in the 100, 200 and 400 ISO range and I let the shutter speed go on
up to 10 seconds or so. I did a lot of experimenting so I’m just
going off of the two that made it to my keepers file thus
- I’m really impressed with the flexibility of these files. I can
push them up in LR easily about ½ stop more than my Canon with the
same amount of noise build up. Past 400 though and it starts to
fall apart in my opinion. And by “fall apart” I really mean that
you can see the noise, it’s still very well controlled, but it’s
certainly there. Pretty much on par with the Canon.
- This is impressive given that the Pixel area of the Sony is
15.13 µm²and the Canon is 28.73 µm²
Story behind shooting these images
- Woke up at about 4:30 a.m. Drove to the Marin Headlands area,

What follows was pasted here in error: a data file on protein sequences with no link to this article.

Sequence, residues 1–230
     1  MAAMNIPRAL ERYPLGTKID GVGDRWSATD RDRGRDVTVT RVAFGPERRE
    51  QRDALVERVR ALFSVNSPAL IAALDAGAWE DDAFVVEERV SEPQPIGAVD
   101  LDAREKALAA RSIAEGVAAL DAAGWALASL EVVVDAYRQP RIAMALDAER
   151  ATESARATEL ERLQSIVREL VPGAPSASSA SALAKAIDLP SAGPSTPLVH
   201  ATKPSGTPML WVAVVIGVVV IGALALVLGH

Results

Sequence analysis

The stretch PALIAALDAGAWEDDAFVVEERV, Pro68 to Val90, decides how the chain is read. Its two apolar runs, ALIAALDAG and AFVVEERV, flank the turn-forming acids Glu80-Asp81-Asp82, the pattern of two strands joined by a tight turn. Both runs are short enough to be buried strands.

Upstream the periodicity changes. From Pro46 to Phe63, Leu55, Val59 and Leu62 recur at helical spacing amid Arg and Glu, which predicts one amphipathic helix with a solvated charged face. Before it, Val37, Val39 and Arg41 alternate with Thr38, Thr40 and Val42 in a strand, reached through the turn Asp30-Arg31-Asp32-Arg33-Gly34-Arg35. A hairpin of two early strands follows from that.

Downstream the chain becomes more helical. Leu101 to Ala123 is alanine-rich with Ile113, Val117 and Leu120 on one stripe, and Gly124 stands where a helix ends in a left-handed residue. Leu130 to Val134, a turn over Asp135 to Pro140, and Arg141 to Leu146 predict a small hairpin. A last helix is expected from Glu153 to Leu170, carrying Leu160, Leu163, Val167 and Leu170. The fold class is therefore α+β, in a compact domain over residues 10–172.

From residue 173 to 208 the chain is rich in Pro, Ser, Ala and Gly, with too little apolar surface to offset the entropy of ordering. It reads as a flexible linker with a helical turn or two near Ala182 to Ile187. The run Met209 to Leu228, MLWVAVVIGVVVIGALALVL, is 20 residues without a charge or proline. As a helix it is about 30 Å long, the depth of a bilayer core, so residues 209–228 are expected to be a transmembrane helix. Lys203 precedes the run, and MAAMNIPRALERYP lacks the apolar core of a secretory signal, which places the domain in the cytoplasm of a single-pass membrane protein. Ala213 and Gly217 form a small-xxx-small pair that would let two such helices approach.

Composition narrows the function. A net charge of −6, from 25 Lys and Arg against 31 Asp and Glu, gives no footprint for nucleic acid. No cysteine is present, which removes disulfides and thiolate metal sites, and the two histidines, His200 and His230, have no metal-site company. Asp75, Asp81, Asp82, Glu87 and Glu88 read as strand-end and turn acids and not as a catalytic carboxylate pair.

specifically, to the Battery Spencer overlook.
- Arrived way before sunrise. Had the place to myself.
- Looked at a few options for framing. Decided to largely hang
out a bit to the left of the battery area so I could have a
slightly better angle on the bridge and the city behind it.
- Got plenty of shots with it pitch black. However, my
favorite shot is the ones where just a bit of blue is starting to
- Reds of the bridge are not feeling all that “original” or
natural. Not sure if this is a lighting issue, a Sony issue or
something else. I was able to manipulate the colors in post to get
them pretty good, but to begin with they were awful. I’ve never had
this problem with my Canon. Initially, however, I’ll chalk this up
to just loads of experience with the Canon, and preconceived
- As the sun continued to rise it looked promising. I wanted to
catch the harsh light on the bridge with the city behind. But the
fog rolled in on the horizon. It remained mostly clear where I was,
but over the main land area it got a bit thick.
- So I went over to the edge of the ridge and shot the sun coming
through the clouds. It was quite good actually. Very pleased with